Mansfield (16) studied urinary fluoride in the U.K. In the artificially fluoridated population, 60% were excreting 1 ppm F or more and 18% were excreting 2 ppm F or more. For the non-fluoridated group, 39% excreted 1 ppm or more and 8% excreted 2 ppm F or more. F levels of 4 ppm or higher were found in 2% of the samples from the fluoridated areas. When comparing populations for the effects of fluoride, Epidemiological studies of the fluoridation status of the drinking water of a population have a lower discriminant power than could be achieved with measurements of individual fluoride status.
Epidemiological studies of caries should relate cadmium, vitamin D and fluoride status of the individual for greater discriminant power.
1. Diesendorf M. The mystery of declining tooth decay. Nature 1986 Jul 10;322:125-9.
2. Bar-Sela S, Levy M, Westin JB, Laster R, Richter ED. Medical findings in nickel-cadmium battery workers. Isr J Med Sci 1992 Aug-Sep;28(8-9):578-83.
3. Shearer TR, Britton JL, DeSart DJ, Johnson JR, Influence of cadmium on caries and the cariostatic properties of fluoride in rats, Arch Environ Health 1980 May-Jun;35(3):176-80.
4. Chalkley SR, Richmond J, Barltrop D. Measurement of vitamin D3 metabolites in smelter workers exposed to lead and cadmium. Occup Environ Med 1998 Jul;55(7):446-52. Comment in: Occup Environ Med. 1999 Nov;56(11):788.
5. Gemmel A, Tavares M, Alperin S, Soncini J, Daniel D, Dunn J, Crawford S, Braveman N, Clarkson TW, McKinlay S, Bellinger DC. Blood lead level and dental caries in school-age children Environ Health Perspect 2002 Oct;110(10):A625-30.
6. NoŽl L, Guťrin T, Kolf-Clauw M. Subchronic dietary exposure of rats to cadmium alters the metabolism of metals essential to bone health. Food Chem Toxicol 2004 Aug;42(8):1203-10.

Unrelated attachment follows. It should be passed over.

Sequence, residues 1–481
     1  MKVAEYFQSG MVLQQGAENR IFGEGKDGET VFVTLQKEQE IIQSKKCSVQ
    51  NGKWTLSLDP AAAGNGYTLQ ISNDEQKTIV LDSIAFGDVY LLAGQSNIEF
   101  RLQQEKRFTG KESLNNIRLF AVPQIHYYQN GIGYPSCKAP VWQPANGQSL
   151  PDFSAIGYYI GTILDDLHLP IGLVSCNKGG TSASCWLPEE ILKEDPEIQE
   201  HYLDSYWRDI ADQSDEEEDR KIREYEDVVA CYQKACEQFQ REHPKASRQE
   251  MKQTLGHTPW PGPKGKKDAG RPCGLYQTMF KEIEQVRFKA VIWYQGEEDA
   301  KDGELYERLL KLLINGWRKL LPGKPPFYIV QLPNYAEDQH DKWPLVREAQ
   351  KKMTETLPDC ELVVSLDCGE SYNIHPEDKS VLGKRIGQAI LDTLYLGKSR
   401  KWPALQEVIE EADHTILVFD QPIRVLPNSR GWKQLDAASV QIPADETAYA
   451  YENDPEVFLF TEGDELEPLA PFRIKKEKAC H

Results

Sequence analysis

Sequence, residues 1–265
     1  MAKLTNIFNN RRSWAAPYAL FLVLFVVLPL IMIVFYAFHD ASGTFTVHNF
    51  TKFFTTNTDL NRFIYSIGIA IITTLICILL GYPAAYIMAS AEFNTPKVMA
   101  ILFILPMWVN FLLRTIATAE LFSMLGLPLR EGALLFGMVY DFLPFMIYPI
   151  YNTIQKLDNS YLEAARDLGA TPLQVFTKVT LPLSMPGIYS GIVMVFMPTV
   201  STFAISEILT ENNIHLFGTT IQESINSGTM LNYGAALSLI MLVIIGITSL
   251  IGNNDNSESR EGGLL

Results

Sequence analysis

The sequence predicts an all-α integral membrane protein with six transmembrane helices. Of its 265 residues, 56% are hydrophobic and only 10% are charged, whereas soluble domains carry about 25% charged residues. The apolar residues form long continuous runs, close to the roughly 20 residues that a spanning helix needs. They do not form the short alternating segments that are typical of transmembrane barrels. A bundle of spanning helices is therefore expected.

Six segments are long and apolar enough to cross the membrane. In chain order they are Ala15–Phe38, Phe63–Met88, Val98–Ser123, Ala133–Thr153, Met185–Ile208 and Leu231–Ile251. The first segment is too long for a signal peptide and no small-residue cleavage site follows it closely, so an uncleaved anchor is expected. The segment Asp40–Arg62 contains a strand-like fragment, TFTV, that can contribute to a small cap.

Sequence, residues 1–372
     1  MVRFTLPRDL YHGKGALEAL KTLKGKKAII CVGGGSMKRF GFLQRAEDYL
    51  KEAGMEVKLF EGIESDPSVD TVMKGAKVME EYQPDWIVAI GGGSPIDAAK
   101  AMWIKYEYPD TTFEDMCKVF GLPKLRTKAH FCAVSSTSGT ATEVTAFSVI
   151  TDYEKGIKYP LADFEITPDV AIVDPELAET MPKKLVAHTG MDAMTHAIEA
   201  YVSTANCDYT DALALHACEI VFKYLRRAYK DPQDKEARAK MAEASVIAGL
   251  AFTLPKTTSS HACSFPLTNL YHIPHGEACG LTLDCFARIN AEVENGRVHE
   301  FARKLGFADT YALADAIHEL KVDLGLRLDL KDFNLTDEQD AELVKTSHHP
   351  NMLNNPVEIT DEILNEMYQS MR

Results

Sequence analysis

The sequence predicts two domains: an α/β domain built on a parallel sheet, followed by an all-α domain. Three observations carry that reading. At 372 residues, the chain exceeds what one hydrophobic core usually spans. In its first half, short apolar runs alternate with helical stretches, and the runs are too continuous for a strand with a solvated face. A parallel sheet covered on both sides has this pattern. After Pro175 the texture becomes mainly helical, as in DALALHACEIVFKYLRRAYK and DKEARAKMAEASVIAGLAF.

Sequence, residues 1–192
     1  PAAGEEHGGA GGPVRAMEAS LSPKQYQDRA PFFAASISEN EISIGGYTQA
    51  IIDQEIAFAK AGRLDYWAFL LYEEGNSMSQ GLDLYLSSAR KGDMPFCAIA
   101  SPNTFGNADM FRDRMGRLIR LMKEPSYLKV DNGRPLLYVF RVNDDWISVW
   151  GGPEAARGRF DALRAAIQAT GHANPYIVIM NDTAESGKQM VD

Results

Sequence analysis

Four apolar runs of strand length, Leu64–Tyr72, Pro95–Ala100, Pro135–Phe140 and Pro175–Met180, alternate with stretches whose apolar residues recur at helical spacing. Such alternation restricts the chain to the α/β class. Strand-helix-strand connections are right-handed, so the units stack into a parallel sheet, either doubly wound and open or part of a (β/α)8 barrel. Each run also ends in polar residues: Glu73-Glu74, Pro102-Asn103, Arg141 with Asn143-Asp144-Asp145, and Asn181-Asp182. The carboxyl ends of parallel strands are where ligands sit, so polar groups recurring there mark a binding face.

7. Van Assche, F. The relative contribution of different environmental sources to human cadmium exposure and the EU risk assessment, Proceedings of the 8th International Nickel cadmium conference, Prague, 21-22 Sept 1998; publ.: International Cadmium Association, Brussels, Belguim.
8. Anderberg S, Prieler S, Olendrzynski K, de Bruyn S. Old Sins: Industrial Metabolism, Heavy Metal Pollution, and Environmental Transition in Central Europe. Tokyo: United Nations University Press. 2000. www.unu.edu/unupress/unubooks/80841EOc.htm.
9. Ducoffre G, Claeys F, Sartor F. Decrease in blood cadmium levels over time in Belgium, Arch Environ Health 1992 Sep-Oct;47(5):354-6.
10. Benes B, Spńēv√°ckov√° V, Cejchanov√° M, Sm√≠d J, Svandov√° E. Retrospective study of concentration levels of Pb, Cd, Cu and Se in serum of the Czech population in time period 1970-1999. Cent Eur J Public Health 2001 Nov;9(4):190-5.
11. McKelvey W, Gwynn C, Jeffery N, Kass D, Thorpe LE, Garg RK, Palmer CD, Parsons PJ. A Biomonitoring Study of Lead, Cadmium, and Mercury in the Blood of New York City Adults. Environ Health Perspect 2007 Oct;115(10):1435-41.
12. Paschal1 DC, Burt V, Caudill SP, Gunter EW, Pirkle JL, Sampson EJ, Miller DT, Jackson RJ. Exposure of the U.S. Population Aged 6 Years and Older to Cadmium: 1988-1994. Arch Environ Contam and Toxicol 2000 Apr;38(3):377-383.
13. Pocock SJ, Delves HT, Ashby D, Shaper AG, Clayton BE, Blood cadmium concentrations in the general population of British middle-aged men, Hum Toxicol 1988 Mar;7(2):95-103.
14. Office on Smoking and Health, National Center for Chronic Disease Prevention and Health Promotion, CDC, Achievements in Public Health, 1900-1999: Tobacco Use -- United States, 1900-1999, Morb Mortal Wkly Rep 1999 Nov 5;48(43):986-93.
15. Anderson MH. Changing paradigms in caries management. Curr Opin Dent 1992 Mar;2:157-62.
16. Mansfield, P. The Distribution of Urinary Fluoride Concentration in the UK. Fluoride 1999, 32(1):27-32.